Prof. Lee Gulyas, Western Washington University
This talk regards the earliest mapmakers, “Whose imaginations were usually more reliable than their sources,” and how they portrayed what would become Canada as an amorphous blob of unknown dangers. Everything west of the Atlantic was imagined and scrawled in, worthy of exploration only for either gold or the legendary Strait of Anian/Northwest Passage. In 1791, Captain George Vancouver’s four-and-a-half year expedition to map the Pacific coast of the North American continent changed the course of history for Europe, the Americas, and the indigenous nations. Yet Canada is still very much a blend of fact and fiction. As we consider the narrativization of history in Canadian literature, we will be doing our own mapping by examining history alongside two literary works that are fascinating by their merit and strategies in their own right, but also raise important questions about history, gender, ethnicity, place, work, justice, politics, and regionalism. These works explore landscape, imagination, and identity to point to larger questions of history, story, and what is accomplished by reconsidering and rewriting the past.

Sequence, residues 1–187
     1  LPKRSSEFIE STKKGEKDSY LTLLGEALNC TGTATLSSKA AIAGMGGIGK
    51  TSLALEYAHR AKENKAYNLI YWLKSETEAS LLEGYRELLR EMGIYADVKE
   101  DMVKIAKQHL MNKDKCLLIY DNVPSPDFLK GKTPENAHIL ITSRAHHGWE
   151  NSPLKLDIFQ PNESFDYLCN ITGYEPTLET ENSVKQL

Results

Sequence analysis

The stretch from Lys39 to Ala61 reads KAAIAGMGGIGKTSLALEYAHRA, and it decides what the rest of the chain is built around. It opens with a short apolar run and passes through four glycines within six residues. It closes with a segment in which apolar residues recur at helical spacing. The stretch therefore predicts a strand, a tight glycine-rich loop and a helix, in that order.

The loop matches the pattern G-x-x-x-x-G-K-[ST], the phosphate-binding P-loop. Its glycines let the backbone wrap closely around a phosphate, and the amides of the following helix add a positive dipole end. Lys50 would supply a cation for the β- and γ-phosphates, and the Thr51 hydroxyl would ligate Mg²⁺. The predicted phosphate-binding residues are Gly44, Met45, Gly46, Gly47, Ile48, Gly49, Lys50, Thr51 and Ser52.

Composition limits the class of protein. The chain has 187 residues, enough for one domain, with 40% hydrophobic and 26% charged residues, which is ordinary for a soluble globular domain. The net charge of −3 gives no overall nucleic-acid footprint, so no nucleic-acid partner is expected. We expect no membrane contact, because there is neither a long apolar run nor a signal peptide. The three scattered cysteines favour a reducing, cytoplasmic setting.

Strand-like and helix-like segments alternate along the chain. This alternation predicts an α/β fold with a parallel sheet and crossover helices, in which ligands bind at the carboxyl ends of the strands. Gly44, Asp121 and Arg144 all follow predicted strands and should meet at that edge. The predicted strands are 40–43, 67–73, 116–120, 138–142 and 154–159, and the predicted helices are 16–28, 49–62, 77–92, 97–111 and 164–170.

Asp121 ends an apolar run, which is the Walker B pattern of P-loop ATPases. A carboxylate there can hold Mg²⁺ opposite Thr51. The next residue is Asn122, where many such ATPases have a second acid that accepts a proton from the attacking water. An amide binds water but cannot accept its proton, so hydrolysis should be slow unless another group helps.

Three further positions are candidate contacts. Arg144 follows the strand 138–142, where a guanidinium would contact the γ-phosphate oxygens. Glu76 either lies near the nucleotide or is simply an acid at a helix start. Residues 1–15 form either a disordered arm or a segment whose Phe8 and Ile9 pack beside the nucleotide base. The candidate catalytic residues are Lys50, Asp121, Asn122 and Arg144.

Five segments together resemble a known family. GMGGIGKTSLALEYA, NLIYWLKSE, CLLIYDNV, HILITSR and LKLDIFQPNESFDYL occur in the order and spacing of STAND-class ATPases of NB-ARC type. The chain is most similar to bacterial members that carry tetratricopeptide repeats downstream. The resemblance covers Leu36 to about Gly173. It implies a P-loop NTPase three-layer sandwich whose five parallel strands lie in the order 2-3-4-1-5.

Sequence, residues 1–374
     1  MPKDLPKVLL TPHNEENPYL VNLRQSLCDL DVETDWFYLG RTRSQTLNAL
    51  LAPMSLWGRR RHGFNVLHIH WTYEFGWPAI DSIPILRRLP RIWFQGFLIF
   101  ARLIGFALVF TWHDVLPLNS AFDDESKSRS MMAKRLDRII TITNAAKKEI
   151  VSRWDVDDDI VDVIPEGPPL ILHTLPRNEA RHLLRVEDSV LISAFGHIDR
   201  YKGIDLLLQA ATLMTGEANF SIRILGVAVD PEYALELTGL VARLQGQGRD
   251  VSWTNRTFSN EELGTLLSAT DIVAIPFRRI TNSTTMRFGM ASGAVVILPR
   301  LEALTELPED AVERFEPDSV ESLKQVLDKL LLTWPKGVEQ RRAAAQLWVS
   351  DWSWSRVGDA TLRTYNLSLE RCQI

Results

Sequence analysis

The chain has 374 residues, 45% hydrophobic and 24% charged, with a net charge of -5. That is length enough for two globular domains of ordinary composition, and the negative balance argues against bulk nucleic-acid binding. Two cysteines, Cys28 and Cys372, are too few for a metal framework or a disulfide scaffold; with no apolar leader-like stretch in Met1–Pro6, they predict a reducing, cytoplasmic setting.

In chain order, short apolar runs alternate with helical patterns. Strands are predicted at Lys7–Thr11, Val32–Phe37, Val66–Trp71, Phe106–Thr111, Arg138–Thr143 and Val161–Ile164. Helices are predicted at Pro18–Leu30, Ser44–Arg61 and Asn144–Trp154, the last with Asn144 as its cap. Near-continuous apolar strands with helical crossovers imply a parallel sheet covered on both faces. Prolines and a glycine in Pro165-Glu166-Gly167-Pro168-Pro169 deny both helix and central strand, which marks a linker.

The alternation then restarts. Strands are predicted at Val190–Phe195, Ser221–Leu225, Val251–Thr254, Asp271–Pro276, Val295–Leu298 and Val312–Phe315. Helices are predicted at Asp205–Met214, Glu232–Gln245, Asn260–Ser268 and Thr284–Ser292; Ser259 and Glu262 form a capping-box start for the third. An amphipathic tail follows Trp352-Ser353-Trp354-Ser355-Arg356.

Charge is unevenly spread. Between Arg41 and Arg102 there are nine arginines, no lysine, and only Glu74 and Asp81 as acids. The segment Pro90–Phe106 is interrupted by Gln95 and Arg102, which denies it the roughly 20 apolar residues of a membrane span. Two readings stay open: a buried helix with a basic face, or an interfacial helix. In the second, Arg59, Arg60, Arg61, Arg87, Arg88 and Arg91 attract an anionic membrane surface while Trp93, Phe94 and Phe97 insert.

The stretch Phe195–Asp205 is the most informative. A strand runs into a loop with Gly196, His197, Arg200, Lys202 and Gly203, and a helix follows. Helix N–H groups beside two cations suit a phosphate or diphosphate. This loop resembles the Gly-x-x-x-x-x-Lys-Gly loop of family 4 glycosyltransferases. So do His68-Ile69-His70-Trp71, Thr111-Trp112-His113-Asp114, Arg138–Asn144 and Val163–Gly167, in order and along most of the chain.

Speaker Biography: Lee Gulyas is a Senior Lecturer in the English Department and affiliated faculty in Canadian-American Studies at Western Washington University. She recently received the Ronald Kleinknecht Excellence in Teaching Award. She holds an MFA in Creative Writing from The University of British Columbia. Her work has appeared in journals such as The Common, Prime Number, Barn Owl Review, Event, The Malahat Review, Tinderbox, Literary Mama, Sweet, Full Grown People, ReDivider, and is forthcoming in Los Angeles Review and Los Angeles Review of Books. She received a Washington State Artist Trust Grant, and has twice led Western Washington University’s Service-Learning Study Abroad Program to Rwanda.
This talk part of the Canadian Studies Colloquium Series and is Co-Sponsored by the UC Berkeley English Department.
The Canadian Studies Colloquium Series is made possible thanks to the generous support of the Consulate General of Canada San Francisco | Silicon Valley
This event is free, open to the public, and wheelchair accessible.